When I checked up on Churchill Downs (NASDAQ:CHDN) last summer, I questioned whether it had enough speed in its step to meet analysts' full-year earnings expectations of $1.75 per share. As it turns out, selling a piece of property for $254.6 million goes a long way toward beating the oddsmakers.

For fiscal 2005, the company earned $5.86 per share, well surpassing the year-ago mark of $0.67. Even excluding the sale of the property, the company was able to earn $0.96 a share. The sale of the Hollywood Park property benefits Churchill Downs in two ways. First, it has allowed the enterprise to virtually eliminate its long-term debt, which now stands at roughly $15 million, according to management remarks in the conference call. Second, the company can now concentrate on areas where it sees the greatest growth potential.

Revenue growth for 2005 was solid, rising 13.2% year over year. Management described the year as "challenging" but remains encouraged by its growth, better-than-average customer satisfaction polls, and its ability to strengthen the balance sheet despite an abnormally high year for natural disasters. Hurricanes and a tornado caused three significant casualty losses for Churchill Downs, though all losses were fully insured. On top of this, the year got off to a slow start as record rainfalls inundated California. In the face of these challenges, management highlighted its flagship Churchill Downs track in Kentucky as a significant reason for its growth.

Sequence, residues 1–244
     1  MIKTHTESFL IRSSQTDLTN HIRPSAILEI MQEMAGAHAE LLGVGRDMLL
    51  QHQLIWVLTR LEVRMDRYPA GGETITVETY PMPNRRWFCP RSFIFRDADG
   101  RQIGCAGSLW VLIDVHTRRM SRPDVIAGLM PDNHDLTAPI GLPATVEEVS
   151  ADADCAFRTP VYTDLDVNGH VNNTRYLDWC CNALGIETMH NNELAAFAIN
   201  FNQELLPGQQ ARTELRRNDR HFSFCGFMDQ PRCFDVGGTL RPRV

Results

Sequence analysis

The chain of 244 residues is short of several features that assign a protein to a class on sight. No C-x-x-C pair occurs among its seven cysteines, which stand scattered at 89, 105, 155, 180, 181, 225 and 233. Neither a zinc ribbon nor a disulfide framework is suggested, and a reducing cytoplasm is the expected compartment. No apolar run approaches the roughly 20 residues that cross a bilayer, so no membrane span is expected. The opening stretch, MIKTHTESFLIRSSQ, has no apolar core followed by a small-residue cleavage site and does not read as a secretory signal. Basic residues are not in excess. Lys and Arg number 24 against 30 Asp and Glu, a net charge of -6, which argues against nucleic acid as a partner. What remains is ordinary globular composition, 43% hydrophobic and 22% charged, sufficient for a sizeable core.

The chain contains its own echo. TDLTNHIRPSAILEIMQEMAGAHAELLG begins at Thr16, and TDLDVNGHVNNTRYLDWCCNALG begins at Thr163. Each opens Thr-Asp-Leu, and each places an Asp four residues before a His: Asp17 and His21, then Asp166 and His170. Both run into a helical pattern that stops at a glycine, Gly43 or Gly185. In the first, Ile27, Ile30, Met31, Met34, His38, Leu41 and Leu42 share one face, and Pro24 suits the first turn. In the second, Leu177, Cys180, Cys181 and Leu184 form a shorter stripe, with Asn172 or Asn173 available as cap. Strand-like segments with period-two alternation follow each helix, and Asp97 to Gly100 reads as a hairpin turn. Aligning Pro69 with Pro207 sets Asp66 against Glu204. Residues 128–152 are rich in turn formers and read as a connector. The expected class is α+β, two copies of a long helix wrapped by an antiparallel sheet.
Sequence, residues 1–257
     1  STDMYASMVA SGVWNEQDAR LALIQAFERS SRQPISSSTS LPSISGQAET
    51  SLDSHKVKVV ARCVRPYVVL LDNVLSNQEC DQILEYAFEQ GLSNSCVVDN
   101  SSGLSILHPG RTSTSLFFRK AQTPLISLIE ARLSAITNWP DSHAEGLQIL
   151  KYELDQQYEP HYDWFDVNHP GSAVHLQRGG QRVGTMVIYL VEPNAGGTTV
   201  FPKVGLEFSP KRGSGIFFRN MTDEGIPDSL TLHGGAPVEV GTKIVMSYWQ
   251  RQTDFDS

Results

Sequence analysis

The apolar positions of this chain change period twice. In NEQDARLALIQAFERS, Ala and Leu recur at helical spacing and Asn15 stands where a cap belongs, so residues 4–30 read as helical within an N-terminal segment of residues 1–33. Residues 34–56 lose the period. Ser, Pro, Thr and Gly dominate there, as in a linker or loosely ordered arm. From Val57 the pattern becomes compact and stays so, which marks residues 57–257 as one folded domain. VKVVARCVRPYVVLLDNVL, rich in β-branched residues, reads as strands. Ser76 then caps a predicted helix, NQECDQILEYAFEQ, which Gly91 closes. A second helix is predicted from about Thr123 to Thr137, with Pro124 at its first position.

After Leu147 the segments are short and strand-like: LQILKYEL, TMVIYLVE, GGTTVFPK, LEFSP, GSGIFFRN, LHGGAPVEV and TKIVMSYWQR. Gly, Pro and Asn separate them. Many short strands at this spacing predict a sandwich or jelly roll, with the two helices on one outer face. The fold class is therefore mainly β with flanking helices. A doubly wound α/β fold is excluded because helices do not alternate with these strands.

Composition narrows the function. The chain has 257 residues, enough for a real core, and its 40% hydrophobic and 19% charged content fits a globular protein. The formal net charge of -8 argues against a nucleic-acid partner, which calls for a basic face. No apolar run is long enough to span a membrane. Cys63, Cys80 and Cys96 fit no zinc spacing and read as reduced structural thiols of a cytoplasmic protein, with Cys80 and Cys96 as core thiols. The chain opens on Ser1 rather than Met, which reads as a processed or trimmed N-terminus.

Heading into 2006, business seems brisker year over year, thanks largely to California. In the year ahead, the company will continue to concentrate on high-growth areas such as international wagering. It will also examine its remaining underperforming assets to "develop alternative uses for the excess real estate." The company hopes to establish a year-round "property utilization plan" to take advantage of the off-season.

Churchill Downs seems to have a sound strategy in place to increase growth, but I'd want to wait until the company has proven itself before recommending it for an investor's portfolio. A new growth initiative is fine, but results will truly get my attention. With its stock sitting at roughly the same level as it was in 1998, Churchill Downs will need to develop a track record of market-beating performance before Foolish investors put a wager down.

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Fool contributor Jeremy MacNealy does not own shares of any companies mentioned.